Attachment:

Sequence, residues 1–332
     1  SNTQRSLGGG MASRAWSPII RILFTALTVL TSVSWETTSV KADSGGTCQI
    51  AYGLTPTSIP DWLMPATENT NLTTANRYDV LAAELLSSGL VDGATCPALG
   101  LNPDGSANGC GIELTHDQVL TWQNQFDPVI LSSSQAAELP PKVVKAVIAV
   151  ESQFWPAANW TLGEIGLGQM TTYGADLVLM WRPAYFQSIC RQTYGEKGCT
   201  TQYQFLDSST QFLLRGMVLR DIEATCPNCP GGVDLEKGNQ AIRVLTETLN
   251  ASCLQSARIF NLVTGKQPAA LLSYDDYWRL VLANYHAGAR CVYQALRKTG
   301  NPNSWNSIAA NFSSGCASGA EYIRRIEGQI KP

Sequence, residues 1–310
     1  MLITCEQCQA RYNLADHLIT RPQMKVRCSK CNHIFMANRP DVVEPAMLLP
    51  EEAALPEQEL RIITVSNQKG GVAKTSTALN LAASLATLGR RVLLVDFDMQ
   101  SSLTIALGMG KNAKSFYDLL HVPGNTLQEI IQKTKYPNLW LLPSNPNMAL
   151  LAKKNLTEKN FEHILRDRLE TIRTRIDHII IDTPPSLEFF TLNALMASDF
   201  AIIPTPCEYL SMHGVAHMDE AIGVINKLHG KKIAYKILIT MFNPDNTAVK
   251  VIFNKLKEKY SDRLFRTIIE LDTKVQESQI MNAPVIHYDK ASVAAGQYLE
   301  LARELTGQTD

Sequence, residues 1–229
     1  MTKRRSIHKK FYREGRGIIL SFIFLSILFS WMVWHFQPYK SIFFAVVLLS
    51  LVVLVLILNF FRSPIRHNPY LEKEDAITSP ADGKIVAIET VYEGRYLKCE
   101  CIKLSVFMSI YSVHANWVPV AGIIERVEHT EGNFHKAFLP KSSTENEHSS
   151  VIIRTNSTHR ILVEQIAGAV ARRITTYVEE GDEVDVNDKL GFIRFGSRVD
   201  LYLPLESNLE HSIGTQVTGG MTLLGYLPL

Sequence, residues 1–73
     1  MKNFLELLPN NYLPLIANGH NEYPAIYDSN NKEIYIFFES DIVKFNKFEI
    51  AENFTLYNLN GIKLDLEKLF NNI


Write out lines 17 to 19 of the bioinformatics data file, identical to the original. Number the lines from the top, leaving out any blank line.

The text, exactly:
Sequence, residues 1–229
     1  MTKRRSIHKK FYREGRGIIL SFIFLSILFS WMVWHFQPYK SIFFAVVLLS
    51  LVVLVLILNF FRSPIRHNPY LEKEDAITSP ADGKIVAIET VYEGRYLKCE